In an experience identical to that of a number of other confessions in Minsk (see F18News 12 May 2005 http://www.forum18.org/Archive.php?article_id=560), Malakhovsky said that the community has found a suitable legal address on four occasions – most recently two months ago - only to find that the prospective landlord cancels the lease after the city authorities learn of it through the re-registration application. He showed Forum 18 a 1 December 2005 letter from one such landlord informing the Department for Ideological Work at the administration of Minsk's Soviet District that the Latvia-based company "withdraws its letter concerning the provision of a legal address at premises belonging to our organisation to a religious community of the International Society for Krishna Consciousness."
While in Minsk, Forum 18 discovered that the Belarusian authorities' insistence upon premises meeting health and safety criteria – even if they are the site of a legal address rather than the physical location of a religious organisation – is not confined to the Krishna devotees' case.
The main Baptist Union has been unable to register a new church in Dzerzhinsk (Minsk Region) for over a year, elder for Minsk Region Gennadi Brutsky reported on 18 July. In a series of letters spanning the past six months viewed by Forum 18, Dzerzhinsk district officials insist to the pastor of Ascension Church that he may not register even its legal address at his home because "it will harm the living conditions of your children," "there is no electric illumination of the territory surrounding the house" and "minimum surface area norms for each resident will not be observed." (END)
For more background information see Forum 18's Belarus religious freedom survey at http://www.forum18.org/Archive.php?article_id=478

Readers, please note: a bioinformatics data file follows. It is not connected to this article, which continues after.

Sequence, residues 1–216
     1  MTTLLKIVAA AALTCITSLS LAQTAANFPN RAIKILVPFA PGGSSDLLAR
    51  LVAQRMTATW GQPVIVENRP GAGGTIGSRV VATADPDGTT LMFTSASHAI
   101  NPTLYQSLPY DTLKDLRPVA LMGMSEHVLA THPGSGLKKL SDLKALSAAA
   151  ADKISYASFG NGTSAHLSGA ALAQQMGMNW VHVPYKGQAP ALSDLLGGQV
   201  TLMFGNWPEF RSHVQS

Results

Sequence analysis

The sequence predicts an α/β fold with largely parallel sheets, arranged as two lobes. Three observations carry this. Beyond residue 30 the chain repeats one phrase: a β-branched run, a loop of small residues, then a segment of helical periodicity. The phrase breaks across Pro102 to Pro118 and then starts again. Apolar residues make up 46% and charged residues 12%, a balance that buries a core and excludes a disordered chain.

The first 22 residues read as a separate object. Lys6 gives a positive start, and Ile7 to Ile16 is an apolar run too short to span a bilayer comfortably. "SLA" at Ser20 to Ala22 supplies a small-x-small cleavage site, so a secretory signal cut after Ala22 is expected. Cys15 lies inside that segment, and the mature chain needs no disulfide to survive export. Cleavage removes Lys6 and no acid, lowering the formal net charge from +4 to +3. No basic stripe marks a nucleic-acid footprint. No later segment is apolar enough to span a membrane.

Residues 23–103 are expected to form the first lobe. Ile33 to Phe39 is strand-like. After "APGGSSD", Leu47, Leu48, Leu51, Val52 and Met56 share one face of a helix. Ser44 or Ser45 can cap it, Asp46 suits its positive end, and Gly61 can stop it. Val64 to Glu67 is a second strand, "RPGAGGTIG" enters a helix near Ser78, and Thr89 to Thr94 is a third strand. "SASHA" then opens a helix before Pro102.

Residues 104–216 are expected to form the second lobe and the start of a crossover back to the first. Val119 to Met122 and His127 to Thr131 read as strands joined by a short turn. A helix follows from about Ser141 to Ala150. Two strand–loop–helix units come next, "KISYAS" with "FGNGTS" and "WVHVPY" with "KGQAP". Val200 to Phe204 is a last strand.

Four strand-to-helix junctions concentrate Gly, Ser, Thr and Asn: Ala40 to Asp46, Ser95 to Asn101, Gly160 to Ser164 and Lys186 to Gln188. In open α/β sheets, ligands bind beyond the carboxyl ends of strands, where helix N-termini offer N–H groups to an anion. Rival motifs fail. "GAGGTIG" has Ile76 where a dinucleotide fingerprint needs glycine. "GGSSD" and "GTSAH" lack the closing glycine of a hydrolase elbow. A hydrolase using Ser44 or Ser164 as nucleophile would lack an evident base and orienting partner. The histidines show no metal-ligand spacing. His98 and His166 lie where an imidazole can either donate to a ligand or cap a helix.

A survey of the religious freedom decline in the eastern part of the Organisation for Security and Co-operation in Europe (OSCE) area is at http://www.forum18.org/Archive.php?article_id=806.
A printer-friendly map of Belarus is available at http://www.nationalgeographic.com/xpeditions/atlas/index.html?Parent=europe&Rootmap=belaru
28 July 2006
New Life Church in Belarus' capital Minsk could lose its worship premises as early as mid-August, the charismatic church's lawyer, Sergei Lukanin, has told Forum 18 News Service. Minsk City Economic Court has ruled that New Life must sell – at a low price - the disused cowshed it worships in, following official insistence that the city Development Plan requires that the building be demolished. No new evidence for this claim was presented at the most recent hearing, which Forum 18 attended, one official eventually agreeing that the church "could be sited anywhere in the city." Minsk's main religious affairs official, Alla Ryabitseva, has previously told Forum 18 that the Development Plan was the reason why New Life was not given permission to convert the building into a church. Because it does not have state-approved worship premises, New Life was not given the compulsory re-registration demanded by the Religion Law, which bans all unregistered religious activity – against international human rights standards. The church could therefore be liquidated under the Religion Law.